5 Tips for Managing Security for APIs

Creating APIs for your SaaS products provides invaluable benefits to your customers, allowing developers to plug into your resources and bring their products to market more quickly and efficiently than ever before. An API also allows you to integrate easily with other SaaS organizations, expanding your range of functionality to offer customers new features, increase your inherent value as a provider, and gain a competitive edge in the marketplace.

As with most beneficial technology, however, APIs are not without their risks. Exposing your APIs can leave you vulnerable to theft of API keys, a fairly easy way for cybercriminals to carry out denial of service attacks if you haven’t implemented the right security measures. These attacks overwhelm your server with data requests, crippling the availability of your product, and even costing you money, should the attackers demand a ransom.

At Threat Stack, we recently released Version 2 of our REST API, which serves as a way for customers to connect to our organization and extract critical information around security concerns in their environments. With Version 2, we have incorporated updates to meet industry best practices and to better protect ourselves and our customers’ data. Drawing on this experience, we have outlined below the ways in which you as a SaaS company can better manage security for your own APIs. Read more “5 Tips for Managing Security for APIs”

High Visibility Ahead: Building and Using Orchestration to Set Security Priorities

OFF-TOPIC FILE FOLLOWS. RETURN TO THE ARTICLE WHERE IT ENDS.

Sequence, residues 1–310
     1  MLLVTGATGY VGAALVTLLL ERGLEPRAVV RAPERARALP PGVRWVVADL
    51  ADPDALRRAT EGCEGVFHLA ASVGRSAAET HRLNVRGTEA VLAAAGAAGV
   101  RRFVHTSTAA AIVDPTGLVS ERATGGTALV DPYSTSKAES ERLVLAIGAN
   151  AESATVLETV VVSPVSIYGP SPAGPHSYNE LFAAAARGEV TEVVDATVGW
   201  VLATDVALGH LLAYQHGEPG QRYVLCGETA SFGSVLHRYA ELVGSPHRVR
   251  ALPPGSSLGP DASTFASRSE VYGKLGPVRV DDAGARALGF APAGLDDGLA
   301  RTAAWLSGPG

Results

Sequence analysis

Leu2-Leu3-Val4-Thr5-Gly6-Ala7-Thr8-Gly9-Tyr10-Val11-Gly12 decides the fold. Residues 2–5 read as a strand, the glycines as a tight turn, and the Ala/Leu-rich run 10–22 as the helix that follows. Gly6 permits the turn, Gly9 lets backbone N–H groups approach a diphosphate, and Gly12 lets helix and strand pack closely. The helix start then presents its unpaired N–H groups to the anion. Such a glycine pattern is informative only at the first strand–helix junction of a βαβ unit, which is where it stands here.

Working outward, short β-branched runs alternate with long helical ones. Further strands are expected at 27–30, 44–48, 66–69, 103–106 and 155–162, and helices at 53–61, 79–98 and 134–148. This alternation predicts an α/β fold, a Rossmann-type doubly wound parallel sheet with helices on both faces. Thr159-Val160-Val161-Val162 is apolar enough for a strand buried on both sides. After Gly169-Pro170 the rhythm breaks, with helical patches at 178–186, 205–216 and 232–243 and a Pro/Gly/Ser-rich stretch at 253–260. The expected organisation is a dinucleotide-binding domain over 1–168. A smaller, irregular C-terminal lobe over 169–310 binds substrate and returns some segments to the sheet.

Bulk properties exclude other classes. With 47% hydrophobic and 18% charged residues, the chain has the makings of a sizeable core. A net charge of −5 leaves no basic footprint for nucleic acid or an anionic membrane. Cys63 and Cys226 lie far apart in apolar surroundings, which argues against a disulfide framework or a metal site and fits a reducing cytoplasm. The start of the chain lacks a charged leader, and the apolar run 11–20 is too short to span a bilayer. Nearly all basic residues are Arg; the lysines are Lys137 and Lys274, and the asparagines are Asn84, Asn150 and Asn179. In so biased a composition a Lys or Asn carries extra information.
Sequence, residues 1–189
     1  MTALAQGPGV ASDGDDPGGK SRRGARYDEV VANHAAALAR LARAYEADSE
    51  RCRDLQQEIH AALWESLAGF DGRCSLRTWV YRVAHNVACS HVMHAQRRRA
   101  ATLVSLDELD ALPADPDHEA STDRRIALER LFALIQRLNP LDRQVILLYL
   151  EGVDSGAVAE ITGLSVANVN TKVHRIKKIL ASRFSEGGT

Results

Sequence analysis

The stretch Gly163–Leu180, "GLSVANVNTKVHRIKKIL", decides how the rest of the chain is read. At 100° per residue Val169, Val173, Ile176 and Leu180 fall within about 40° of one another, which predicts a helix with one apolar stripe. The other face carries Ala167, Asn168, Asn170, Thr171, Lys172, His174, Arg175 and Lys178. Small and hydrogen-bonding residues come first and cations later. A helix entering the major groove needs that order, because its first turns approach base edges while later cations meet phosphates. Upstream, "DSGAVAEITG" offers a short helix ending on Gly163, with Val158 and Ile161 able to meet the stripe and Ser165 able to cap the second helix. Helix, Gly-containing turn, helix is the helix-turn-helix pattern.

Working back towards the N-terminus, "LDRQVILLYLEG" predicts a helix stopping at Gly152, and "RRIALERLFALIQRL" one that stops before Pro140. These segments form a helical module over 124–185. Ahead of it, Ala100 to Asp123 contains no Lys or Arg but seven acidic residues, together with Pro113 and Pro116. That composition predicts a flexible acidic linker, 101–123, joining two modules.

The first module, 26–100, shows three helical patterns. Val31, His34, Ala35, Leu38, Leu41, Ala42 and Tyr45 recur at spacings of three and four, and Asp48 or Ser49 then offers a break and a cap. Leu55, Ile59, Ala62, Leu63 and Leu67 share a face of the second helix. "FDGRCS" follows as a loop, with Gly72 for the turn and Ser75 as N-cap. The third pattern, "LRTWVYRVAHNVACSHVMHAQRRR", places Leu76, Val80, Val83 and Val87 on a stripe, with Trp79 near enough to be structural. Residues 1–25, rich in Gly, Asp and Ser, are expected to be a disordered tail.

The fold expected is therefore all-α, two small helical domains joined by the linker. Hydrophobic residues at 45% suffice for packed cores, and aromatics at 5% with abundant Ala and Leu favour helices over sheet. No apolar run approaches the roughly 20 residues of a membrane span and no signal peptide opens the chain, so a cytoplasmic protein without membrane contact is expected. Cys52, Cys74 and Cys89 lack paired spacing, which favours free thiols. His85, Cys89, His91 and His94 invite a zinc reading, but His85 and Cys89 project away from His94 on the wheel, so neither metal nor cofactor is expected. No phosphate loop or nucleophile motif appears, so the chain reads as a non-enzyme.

At Threat Stack, we use our own intrusion detection platform to protect Threat Stack. This gives us critical visibility into security events and alerts tied to our AWS infrastructure and instances, an all too popular target. But our infrastructure extends beyond AWS into additional vendor-managed solutions such as Cloudflare, SalesForce, corporate email, and others. So a key question is: How can we not only monitor those platforms, but also use the data from these logs to drive security priorities?

With that in mind, we set out to create a new custom internal app that can receive, store, and perform actions on information from all of these different sources. We opted to build this internal pipeline (some would call this security orchestration) instead of buying an off-the-shelf product because our security team indexes so highly on engineering and programming. We felt we could take an event-driven framework in a language we all knew and easily extend it to meet our needs, incorporating our internal detection and automated response frameworks, a choice we would not have made if our team or organization looked different. Read more “High Visibility Ahead: Building and Using Orchestration to Set Security Priorities”